Natural History of Frontotemporal Dementia: Comparison with Alzheimer’s DiseasePasquier F. · Richard F. · Lebert F.
Memory Clinic, University Hospital, EA 2691, and INSERM U 508, Lille, France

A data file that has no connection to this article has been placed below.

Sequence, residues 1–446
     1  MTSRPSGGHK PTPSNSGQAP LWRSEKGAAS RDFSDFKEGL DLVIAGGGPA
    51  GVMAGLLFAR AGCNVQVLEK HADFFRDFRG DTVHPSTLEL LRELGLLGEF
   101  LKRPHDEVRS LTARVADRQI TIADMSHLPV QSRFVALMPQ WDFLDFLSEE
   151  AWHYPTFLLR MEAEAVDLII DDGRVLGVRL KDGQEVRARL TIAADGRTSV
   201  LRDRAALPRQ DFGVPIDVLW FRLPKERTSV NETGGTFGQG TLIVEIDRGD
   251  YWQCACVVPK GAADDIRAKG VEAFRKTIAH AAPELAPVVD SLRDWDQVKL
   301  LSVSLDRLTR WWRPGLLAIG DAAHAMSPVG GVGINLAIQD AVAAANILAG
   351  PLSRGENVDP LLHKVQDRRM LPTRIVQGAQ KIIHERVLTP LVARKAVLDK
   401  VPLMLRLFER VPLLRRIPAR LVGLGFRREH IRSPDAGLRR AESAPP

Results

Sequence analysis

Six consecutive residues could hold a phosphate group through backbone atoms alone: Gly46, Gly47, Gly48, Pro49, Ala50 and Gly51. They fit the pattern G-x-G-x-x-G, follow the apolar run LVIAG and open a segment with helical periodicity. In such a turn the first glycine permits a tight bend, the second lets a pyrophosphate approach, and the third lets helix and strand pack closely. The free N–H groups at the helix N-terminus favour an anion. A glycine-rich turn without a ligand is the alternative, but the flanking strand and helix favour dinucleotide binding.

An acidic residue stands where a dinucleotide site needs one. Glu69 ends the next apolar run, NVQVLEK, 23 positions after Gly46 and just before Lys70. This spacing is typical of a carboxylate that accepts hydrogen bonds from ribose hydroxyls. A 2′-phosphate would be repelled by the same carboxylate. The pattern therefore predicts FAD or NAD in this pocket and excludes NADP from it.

Introduction: Frontotemporal dementia (FTD) is a more common cause of dementia than previously recognised. Few data are available regarding the natural course of FTD in terms of survival, nursing home admission and causes of death. Methods: An observational study of all consecutive patients referred to the memory centre of Lille, France, between 1995 and 1999, and examined at least twice in this centre, with a diagnosis of FTD (frontal or behavioural variant) or of Alzheimer’s disease (AD) was performed. Kaplan-Meyer analysis allowing for delayed entry was used to compare the survival functions in FTD and AD. Results: 552 patients were included, of whom 49 (8.9%) were lost to follow-up at 3 years. FTD patients were younger (mean age at onset 59 years), had more often a family history of psychiatric disorders (20%), had a longer delay between first symptoms and first visit (5.9 years) and a higher Mini-Mental State Examination (MMSE) score at first visit (24.5) than patients with AD (19.9). The mean annual MMSE score decline was 0.9 point in FTD vs. 2.0 points in AD (p < 0.0004). Fewer patients with FTD than with AD entered an institution (RR: 0.20, 95% CI 0.05–0.81). After adjustment for sex, age at first visit, level of education and MMSE score at first visit, survival rates in FTD and AD did not differ significantly. Patients with FTD often had a sudden death, the cause of which could not be found. The earlier the first visit after onset, the longer the survival rate, whatever the diagnosis (RR: 0.76, 95% CI 0.67–0.86, p < 0.0001 per year of earlier first visit). Conclusion: This large study showed that the mean duration of FTD was 2 years longer than that of AD, but the risk of death after adjustment for age and sex was similar in FTD and in AD. Sudden and unexplained causes of death were frequent and need further study. Early management increases the life span of demented patients.